My first visit to Best Friends was two years ago, and both the sanctuary and the terrain of southern Utah stuck with me — the way that few things, Mexican food included, do. Photos taken during that visit — while I was still a reporter for the Baltimore Sun –, helped inspire the look and color scheme of ohmidog!, the website I started after leaving the newspaper.

And the mission and staff of Best Friends inspired me as well, as they have millions of others — first with their response during Hurricane Katrina, more recently through the National Geographic Channel’s series, “Dogtown.”

Given that debt, it was only right that I — as about 100 people do every day — showed up at the sanctuary to work as a volunteer.

I was one of about 10 new volunteers going through orientation Tuesday, after making arrangements to do so — a simple matter — on the volunteer section of the Best Friends website.

I’d planned to spend one day, but I’m returning today. Most people spend longer — building a vacation around volunteering at Best Friends, or making it their entire vacation.

Such was the case with Kenzie Wolff, an 11-year-old California girl who, when offered a trip to the location of her choice by her parents as a birthday present, chose to do volunteer work at Best Friends.

She and her parents were staying at one of the guest cottages available at Best Friends (there’s an RV park, too), and she and her mom showed up bright and early to go through the quick orientation.

Kenzie said she got the urge to visit and volunteer after watching “Dogtown.”

“We were watching Dogtown and it seemed really cool, and I went on their website a lot, and all the dogs and animals were really cool. I just really like animals.”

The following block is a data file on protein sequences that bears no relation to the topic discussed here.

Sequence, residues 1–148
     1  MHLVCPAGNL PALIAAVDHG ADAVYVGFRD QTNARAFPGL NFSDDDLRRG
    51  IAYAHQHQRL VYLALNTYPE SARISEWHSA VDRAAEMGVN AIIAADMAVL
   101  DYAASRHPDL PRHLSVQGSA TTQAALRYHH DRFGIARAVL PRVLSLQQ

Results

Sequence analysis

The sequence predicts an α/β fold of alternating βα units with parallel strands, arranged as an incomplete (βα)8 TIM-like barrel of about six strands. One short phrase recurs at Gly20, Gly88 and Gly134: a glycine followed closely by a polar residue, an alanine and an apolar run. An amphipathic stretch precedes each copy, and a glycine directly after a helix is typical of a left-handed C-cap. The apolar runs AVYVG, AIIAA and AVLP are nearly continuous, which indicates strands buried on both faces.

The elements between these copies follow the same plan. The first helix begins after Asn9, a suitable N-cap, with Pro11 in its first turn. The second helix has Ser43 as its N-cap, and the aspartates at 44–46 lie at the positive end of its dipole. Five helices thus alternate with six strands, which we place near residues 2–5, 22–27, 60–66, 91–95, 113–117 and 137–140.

Kenzie, who has a 12-year-old Belgian Malinois named Sophie back home in Laguna Beach — and a cat named Gypsy — was scheduled for a full day of dog duty Tuesday, planned to work with cats today, and to work with dogs and bunnies on Thursday.

She was hoping to invite two animals back to the cottage for sleepovers. Permitting volunteers to take dogs and cats overnight, on trips through the canyon, or even into town, is another unusual aspect of Best Friends volunteer program — a massive operation that seems to run amazingly smoothly and without heavy layers of bureaucracy or bossiness.

For us new volunteers, we were equipped with nametags and orange whistles to blow in case of emergency — such as a dog we’re walking getting loose – and treated to a 10-minute safety video.

The video informed us of the color-coded collar system — green ones for safe and approachable dogs, purple ones for those requiring some caution and red ones for those dogs that staff only can handle.

We were provided with some common sense basics — don’t shout or run around the dogs, don’t throw toys without permission, or engage in tug of war games. Let the dogs approach you, sniff you and get to know you.

A brief talk followed in which we warned to watch out for, and back away from, rattlesnakes, and that, it being lizard season, to make sure to hold tight to leashes, because some dogs are prone to chasing them.

After the briefing, Kenzie and her mom, Peggy, headed for puppy class, where trainer Don Bain uses the volunteers to help socialize newly arrived puppies — generally at 12 weeks of age.

The session takes place in a room set up like a house — complete with refrigerator, dishwasher, microwave and a doorbell. The setting helps increase the chances that the puppies, once adopted, will feel more at home, and decrease the chances of them being returned.

Bain says as many as one in five pups were being returned at one point, but in the past two years, only two have been. “We’re sending out very well-adjusted, socialized puppies now.”

“We try to throw as many people in their puppy faces as we possibly can,” Bain said. In the class, volunteers worked with seven puppies, picking them up, poking and prodding them and getting them used to having humans play with their paws, mouths and ears.

The pups are taught their names, and to sit and lay down. Treats and consistency are the key. “If a puppy wins once, he wins forever,” Bain says.

Kenzie worked with a chocolate ball of fluff named Nike, who came from a rescue in Page, Arizona, and probably from an Indian reservation before that. A birth defect left him without the tip of one of his front paws. It had pads, but no toes or claws. None of which seemed to slow him down a bit.

Kenzie spent the rest of the morning walking dogs, including one with a neurological problem that caused him to go in circles.